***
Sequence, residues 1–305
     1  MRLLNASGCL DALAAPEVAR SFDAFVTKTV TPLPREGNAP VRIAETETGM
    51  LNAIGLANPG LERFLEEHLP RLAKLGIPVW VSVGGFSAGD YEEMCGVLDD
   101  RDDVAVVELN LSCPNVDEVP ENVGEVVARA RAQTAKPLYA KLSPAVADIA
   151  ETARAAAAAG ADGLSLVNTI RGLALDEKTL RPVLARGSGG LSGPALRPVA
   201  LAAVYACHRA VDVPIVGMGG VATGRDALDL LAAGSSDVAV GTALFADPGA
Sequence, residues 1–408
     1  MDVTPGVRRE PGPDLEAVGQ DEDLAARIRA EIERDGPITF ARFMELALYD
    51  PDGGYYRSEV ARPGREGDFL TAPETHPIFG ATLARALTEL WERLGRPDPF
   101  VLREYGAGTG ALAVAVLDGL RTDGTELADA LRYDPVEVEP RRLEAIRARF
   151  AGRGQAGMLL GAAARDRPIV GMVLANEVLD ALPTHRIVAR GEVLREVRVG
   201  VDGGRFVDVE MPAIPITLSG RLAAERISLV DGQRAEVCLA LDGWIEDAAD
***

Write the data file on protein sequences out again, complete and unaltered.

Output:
Sequence, residues 1–305
     1  MRLLNASGCL DALAAPEVAR SFDAFVTKTV TPLPREGNAP VRIAETETGM
    51  LNAIGLANPG LERFLEEHLP RLAKLGIPVW VSVGGFSAGD YEEMCGVLDD
   101  RDDVAVVELN LSCPNVDEVP ENVGEVVARA RAQTAKPLYA KLSPAVADIA
   151  ETARAAAAAG ADGLSLVNTI RGLALDEKTL RPVLARGSGG LSGPALRPVA
   201  LAAVYACHRA VDVPIVGMGG VATGRDALDL LAAGSSDVAV GTALFADPGA
Sequence, residues 1–408
     1  MDVTPGVRRE PGPDLEAVGQ DEDLAARIRA EIERDGPITF ARFMELALYD
    51  PDGGYYRSEV ARPGREGDFL TAPETHPIFG ATLARALTEL WERLGRPDPF
   101  VLREYGAGTG ALAVAVLDGL RTDGTELADA LRYDPVEVEP RRLEAIRARF
   151  AGRGQAGMLL GAAARDRPIV GMVLANEVLD ALPTHRIVAR GEVLREVRVG
   201  VDGGRFVDVE MPAIPITLSG RLAAERISLV DGQRAEVCLA LDGWIEDAAD